This is no surprise as the 31% figure has been roughly the same for the last four years. It’s a difficult subject to broach and is still a relatively taboo subject in the UK, despite efforts of celebrities and public information campaigns to address it.

More managers should be better trained to initiate discussion and to speak to colleagues about mental health issues. Employers should look at how they address these complex issues. In the future, enabling managers to initiate discussion and articulate mental health concerns will be a valuable resource for supporting business and employee growth.

What Can Management Do to Support Employees with Family Tension?

It should be remembered that Duty of Care remains for employee health and safety no matter where staff are based. From this perspective, it is important that employers are checking in regularly with colleagues and picking up cues that they might be facing difficulty. Personal interaction through video conferencing technology can be really worthwhile here to ensure that there is a friendly face at the end of the line who is there to help.

For organizations, there are a number of things that they can do to support employees. Management ideally should be trained and equipped to have supportive discussions with employees. They also need to be reminded of the importance of regular intra-team communication. Communication on practical things that staff can do, such as healthy routines for diet, sleep and exercise is important, so too the promotion of any existing or new programs that address mental health, wellbeing or physical health.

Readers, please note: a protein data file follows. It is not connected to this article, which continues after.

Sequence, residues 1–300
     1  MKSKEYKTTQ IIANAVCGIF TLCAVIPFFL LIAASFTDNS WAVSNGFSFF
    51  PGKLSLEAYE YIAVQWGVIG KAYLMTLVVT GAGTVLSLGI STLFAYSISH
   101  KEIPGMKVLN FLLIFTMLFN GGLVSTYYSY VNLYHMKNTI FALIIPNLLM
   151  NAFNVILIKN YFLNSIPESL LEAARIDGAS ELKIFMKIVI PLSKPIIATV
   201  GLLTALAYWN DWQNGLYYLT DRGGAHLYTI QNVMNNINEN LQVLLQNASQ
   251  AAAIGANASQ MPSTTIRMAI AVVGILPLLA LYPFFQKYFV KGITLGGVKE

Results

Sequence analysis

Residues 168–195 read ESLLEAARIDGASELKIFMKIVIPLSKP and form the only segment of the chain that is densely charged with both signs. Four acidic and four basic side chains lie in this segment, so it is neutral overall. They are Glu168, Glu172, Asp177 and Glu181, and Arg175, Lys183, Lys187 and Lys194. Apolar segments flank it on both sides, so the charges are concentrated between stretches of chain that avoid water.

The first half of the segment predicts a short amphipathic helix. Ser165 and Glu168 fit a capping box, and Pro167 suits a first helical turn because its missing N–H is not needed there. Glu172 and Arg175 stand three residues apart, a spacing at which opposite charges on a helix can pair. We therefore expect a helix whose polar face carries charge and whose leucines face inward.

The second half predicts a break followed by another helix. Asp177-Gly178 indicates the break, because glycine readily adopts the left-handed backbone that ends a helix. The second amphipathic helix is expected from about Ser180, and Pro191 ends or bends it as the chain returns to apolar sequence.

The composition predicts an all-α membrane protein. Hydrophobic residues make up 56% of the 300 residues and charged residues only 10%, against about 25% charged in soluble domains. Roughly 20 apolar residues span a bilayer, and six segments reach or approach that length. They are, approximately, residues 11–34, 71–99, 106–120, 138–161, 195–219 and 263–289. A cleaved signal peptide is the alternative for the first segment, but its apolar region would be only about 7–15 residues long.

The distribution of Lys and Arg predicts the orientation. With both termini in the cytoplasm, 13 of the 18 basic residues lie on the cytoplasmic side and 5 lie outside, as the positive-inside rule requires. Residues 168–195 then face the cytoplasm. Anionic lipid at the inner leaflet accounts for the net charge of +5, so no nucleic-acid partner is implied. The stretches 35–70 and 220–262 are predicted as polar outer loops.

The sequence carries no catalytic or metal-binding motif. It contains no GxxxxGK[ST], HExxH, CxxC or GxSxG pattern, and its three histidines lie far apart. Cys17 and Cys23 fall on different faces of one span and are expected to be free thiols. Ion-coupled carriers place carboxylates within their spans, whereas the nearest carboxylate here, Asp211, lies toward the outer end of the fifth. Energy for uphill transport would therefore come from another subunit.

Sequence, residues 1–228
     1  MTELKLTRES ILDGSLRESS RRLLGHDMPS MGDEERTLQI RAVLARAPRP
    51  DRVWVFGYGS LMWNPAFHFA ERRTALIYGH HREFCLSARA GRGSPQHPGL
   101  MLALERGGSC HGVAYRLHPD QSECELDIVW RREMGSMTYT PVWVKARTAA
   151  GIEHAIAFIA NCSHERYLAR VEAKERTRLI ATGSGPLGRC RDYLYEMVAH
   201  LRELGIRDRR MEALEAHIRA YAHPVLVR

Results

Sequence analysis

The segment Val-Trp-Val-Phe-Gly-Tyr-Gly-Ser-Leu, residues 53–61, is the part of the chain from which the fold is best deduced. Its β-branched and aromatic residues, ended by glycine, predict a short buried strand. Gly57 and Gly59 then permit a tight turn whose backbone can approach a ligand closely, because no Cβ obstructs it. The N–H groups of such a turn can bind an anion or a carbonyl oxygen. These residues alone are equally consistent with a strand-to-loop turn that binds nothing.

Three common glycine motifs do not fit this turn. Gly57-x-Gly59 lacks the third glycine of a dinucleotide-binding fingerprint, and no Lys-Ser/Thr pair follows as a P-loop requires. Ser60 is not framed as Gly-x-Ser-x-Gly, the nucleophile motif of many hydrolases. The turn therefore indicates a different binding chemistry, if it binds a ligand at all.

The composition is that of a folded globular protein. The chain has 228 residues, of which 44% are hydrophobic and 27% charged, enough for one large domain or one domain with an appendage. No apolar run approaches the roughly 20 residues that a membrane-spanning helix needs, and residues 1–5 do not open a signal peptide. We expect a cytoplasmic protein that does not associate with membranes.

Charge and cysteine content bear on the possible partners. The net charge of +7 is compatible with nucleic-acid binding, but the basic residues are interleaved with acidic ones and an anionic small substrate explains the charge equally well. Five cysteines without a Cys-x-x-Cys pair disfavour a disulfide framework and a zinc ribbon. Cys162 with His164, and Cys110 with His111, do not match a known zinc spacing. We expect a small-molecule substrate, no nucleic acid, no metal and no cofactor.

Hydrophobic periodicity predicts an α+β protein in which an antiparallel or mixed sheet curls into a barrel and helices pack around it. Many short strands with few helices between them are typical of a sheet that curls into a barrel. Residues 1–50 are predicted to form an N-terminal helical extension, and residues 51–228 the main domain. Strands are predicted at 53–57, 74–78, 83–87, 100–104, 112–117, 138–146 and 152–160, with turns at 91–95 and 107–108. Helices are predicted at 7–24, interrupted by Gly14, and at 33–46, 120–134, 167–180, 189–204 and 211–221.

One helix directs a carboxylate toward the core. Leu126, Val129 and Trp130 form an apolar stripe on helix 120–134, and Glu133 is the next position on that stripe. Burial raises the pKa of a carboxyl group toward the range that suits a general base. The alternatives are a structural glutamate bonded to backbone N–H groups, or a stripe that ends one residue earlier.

What you should be doing:

  • Training and equipping managers with the skills to talk about mental health and wellbeing issues
  • Encouraging effective communication from managers to their teams
  • Providing advice and guidance to staff on mental and physical health and wellbeing
  • Promote any existing or new programs, as well as benefits, such as employee assistance programs or helplines

We have produced a range of free email templates you can use to communicate best practice advice on areas of employee health and wellbeing, including sleep, diet, exercise and wellbeing. Download them here.

Organization Tools to Support Colleagues

Many organizations will already have some tools to support colleagues through difficult times such as these. It may be more important now than ever to ensure that these are communicated effectively at this time. Lockdown fatigue is well underway and many people, though they have reached a period of normalization around the current way of working, will be feeling isolated, lonely, stressed and anxious as the crisis rolls on.

Consider providing or communicating the following:

This advice is relevant now, but it’s also relevant for the future. Being a supportive and proactive employer means greater staff retention and will be much better positioned for the future.